Mathieu Flamini’s Not-So-Surprising Rise in Arsenal's Midfield

Brad SimkuletSenior Analyst IFebruary 16, 2008

Anyone who consistently watches Arsenal football will be familiar with some version of what’s become a commentator mantra:

“No one could have expected Mathieu Flamini’s improvement this season.”

Undoubtedly, Flamini is having the season of his life, but for many Arsenal fans it is entirely expected.

Don’t believe me?

As the 2007-2008 season began, I faced my traditionally difficult dilemma: Whose name would I get on the back of my jersey?

My choices were down to two—Robin van Persie and Mathieu Flamini.

I chose van Persie.

Clearly I made an error since van Persie has spent his season in the treatment room, but I should be forgiven that error considering the preseason rumours of a Flamini departure.

What’s important in my personal story is that before “the season of his life” began, Mathieu Flamini was already an Emirates hero of mine. And I know I am not alone amongst Arsenal fans.

So why are we not surprised by Mathieu Flamini’s fantastic season?

Three reasons: his fitness, his tenacity, and his fantastic spell as Arsenal’s left back.

On a team as universally fit as Arsenal one must be an incredible specimen to be considered the most fit—and Flamini is that. For ground covered, most good players average 10-11 kms. Flamini is currently beating that total by three, averaging an excellent 14 kms a game, and he is always as fresh in the 89th minute as he is in the first.

More importantly, however, his work rate is not all that is exceptional. It’s what he does with his work rate. His tracking back is impeccable, his tackles are spot on, and his attacking influence is always growing.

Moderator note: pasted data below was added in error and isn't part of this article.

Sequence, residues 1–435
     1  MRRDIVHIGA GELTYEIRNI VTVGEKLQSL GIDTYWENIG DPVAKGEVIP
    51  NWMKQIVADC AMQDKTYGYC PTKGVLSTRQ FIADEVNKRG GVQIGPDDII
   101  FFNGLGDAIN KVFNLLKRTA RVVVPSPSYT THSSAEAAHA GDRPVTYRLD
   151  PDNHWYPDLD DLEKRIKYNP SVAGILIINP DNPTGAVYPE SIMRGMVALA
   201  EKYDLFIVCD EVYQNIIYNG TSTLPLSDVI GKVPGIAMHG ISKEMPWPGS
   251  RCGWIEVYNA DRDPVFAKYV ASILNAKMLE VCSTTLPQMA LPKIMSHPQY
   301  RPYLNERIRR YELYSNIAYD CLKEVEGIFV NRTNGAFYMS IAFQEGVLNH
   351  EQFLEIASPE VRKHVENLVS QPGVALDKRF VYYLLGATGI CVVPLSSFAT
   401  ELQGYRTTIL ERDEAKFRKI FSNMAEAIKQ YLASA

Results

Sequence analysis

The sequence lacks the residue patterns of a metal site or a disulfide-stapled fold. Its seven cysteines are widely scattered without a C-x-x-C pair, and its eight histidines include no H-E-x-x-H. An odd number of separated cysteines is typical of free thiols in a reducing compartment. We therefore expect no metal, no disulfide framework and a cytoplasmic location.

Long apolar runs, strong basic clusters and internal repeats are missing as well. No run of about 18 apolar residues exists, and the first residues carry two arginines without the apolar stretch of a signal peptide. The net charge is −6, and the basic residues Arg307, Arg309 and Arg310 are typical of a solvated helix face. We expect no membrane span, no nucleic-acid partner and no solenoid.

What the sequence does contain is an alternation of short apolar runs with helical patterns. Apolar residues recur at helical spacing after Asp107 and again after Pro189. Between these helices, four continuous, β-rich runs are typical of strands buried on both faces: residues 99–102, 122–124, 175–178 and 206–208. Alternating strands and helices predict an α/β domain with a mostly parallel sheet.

And that’s where his tenacity comes in—Flamini never, EVER, gives up. The rare time that Flamini makes an errant pass, he chases down the recipient and gets the ball back.

The rare time he blows a tackle and earns a yellow card he refuses to turn off and play it safe. He keeps tackling and making challenges.

He is so tenacious that his nickname in the Arsenal locker room is “Little Gattuso.” Certainly that says it all.

Moreover, it is Flamini’s natural tenacity that has kept him at the North London club. He has been on the fringe at Arsenal for as long as Fabregas has been at the heart of the first team, but he hasn’t given up. He’s played where he’s been asked, when he’s been asked, while always maintaining his desire to achieve a regular role in central midfield.

During the 2005-2006 season Arsenal had a serious crisis at left back. Ashley Cole and Clichy were hurt for the long haul, and Wenger tried player after player in the position before settling on Flamini as his best answer. Cygan, Senderos, Eboue, Hoyte all took a turn, but they were either hurt or not as good as Flamini, who took the position and made it his own until Clichy was healthy again.

He bombed up and down the flanks with impunity, reeking havoc on opposition defenders, sticking tight to opposition attackers and providing killer crosses, which have continued right into this season when they can finally be capitalised on by the airpower of Emmanuel Adebayor.

He was so good in the position that Wenger almost made Flamini Clichy’s permanent competition.

Lucky for Arsenal he didn’t. And luckier still that Flamini didn’t head back to France in the off season where he was guaranteed a starting place in central midfield by any number of French sides.

Instead, Mathieu Flamini decided to stay with the Gunners and fight for his place—a place that seemed unassailably Gilberto Silva’s. But stay he did, and Mathieu Flamini is now rightfully Arsenal’s number one choice to partner Cesc Fabregas.

As the season moves into its final phase, all teams begin to consider who their best players of the season have been. Commentators tell us that Arsenal’s most improved player is Flamini and their best player is Adebayor.

I disagree.

The most improved player must go to either Manuel Almunia or Alexander Hleb.

And for me the Player of the Year must be Flamini. He makes goals, he scores goals, and most importantly he prevents goals.

He is, quite simply, the best defensive midfielder in the English Premiership today—and he is Arsenal’s most valuable player.

Now all Arsene has to do is make sure Flamini signs that new contract.

He’s a player L’Arse can’t afford to lose.


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